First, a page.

How so, you ask? Let's assume that the 'Skins made an under-the-table payment with the understanding that the money would come out of the official deal. Let's further assume that the Postons misunderstood that the secret payment was made in lieu of contract money -- or that they're intentionally misrepresenting the true nature of the transaction in an effort to stick-up the 'Skins, knowing that the only way out of the predicament is for the Redskins to admit that they violated league rules (not to mention the law) by paying wages without the requisite income tax withholdings.

Under either scenario, the Postons' claim that their client will get too little meshes with the rumor that their client got too much.

Per the Times, the Redskins have denied the Postons' claims, and the team surely would deny the flip-side charge that money was paid under the table. But it's not surprising. After all, they've denied every other claim made regarding potential rules violations over the past year -- including tampering charges involving Lawyer Milloy and Ted Washington.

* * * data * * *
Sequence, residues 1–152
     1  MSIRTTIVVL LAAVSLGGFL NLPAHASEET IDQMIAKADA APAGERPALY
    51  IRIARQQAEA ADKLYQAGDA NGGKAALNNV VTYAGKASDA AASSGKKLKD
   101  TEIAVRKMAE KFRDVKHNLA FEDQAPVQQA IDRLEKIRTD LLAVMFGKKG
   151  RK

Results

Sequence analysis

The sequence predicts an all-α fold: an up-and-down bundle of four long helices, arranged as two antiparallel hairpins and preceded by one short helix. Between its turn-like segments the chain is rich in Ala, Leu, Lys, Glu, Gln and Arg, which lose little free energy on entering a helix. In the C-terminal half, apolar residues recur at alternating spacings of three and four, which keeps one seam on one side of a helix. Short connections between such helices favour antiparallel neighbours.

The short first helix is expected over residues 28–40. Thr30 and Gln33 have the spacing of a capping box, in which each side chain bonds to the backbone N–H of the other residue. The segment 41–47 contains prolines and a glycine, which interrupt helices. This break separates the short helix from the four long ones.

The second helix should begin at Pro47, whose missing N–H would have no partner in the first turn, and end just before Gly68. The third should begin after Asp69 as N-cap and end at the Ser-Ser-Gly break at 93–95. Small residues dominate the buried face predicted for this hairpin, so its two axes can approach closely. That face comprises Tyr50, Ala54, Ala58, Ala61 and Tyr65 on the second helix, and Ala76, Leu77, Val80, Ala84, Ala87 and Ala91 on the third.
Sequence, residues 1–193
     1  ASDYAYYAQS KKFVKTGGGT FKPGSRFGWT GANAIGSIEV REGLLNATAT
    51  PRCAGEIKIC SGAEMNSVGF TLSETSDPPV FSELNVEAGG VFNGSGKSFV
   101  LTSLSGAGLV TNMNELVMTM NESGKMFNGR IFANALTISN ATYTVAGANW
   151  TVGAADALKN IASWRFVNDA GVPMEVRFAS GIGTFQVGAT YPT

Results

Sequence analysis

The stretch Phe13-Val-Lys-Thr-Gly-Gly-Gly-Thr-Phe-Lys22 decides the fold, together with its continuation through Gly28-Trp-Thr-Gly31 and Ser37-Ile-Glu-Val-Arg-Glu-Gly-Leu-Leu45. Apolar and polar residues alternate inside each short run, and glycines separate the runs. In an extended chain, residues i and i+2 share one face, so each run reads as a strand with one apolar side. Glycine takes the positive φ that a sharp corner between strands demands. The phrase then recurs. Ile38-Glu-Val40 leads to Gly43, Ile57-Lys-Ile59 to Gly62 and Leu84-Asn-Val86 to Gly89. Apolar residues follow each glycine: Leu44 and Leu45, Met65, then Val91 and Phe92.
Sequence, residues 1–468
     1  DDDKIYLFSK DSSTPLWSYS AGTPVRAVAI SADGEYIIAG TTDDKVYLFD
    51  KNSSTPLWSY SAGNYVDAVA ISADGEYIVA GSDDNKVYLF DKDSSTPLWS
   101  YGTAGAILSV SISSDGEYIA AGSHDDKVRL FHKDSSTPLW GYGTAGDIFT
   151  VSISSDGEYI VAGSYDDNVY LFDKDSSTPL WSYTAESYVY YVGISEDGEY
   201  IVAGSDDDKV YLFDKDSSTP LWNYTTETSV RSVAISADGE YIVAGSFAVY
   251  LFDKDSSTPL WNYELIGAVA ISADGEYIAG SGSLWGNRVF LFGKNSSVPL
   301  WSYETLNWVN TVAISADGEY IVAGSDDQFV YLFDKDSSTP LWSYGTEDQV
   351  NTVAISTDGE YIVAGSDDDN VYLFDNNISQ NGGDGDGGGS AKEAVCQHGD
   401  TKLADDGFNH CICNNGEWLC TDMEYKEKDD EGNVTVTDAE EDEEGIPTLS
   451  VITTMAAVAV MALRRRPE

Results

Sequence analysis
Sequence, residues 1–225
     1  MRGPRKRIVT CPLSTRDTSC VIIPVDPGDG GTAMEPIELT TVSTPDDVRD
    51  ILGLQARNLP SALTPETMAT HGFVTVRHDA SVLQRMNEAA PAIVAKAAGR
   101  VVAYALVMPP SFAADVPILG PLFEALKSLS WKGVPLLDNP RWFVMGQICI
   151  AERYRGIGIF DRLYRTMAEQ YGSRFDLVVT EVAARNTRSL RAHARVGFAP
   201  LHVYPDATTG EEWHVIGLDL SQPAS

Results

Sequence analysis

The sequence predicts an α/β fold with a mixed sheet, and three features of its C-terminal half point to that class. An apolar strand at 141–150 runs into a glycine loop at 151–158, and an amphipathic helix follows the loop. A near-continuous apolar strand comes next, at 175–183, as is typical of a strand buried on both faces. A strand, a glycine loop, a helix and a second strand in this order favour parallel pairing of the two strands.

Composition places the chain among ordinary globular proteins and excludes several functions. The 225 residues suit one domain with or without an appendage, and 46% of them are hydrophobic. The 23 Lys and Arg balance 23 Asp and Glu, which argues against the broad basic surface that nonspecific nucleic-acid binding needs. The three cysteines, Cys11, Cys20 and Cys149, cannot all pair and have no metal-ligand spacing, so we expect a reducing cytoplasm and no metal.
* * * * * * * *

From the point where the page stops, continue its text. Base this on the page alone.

Speaking of the 'Skins and the issue of tampering, we're hearing that some agents are citing the willingness of Dan Snyder to meet a player's contract demands as leverage in ongoing contract negotiations.

As a result, the phrase "if you don't give us what we want we're going to Washington" is becoming the unofficial mantra at the bargaining table in some circles, and teams are beginning to wonder whether it's merely puffery -- or whether unofficial discussions have been occurring between agents for players under contract and the Redskins.

Let's not be naive here. "Tampering" in its technical sense occurs all the time in the modern NFL. Agents need to gauge the market for their clients in order to determine whether a given player will meet his objectives in free agency, regardless of whether the player is set to become a free agent or he's being asked to take a pay cut under threat of termination. Agents gauge that market by talking to teams.

It happens. We know it, the agents know it, and the teams know it.

It's not out of the question, then, for one or more teams to become emboldened by this atmosphere of rampant tampering by being less discreet about their contacts with players who are still under contract.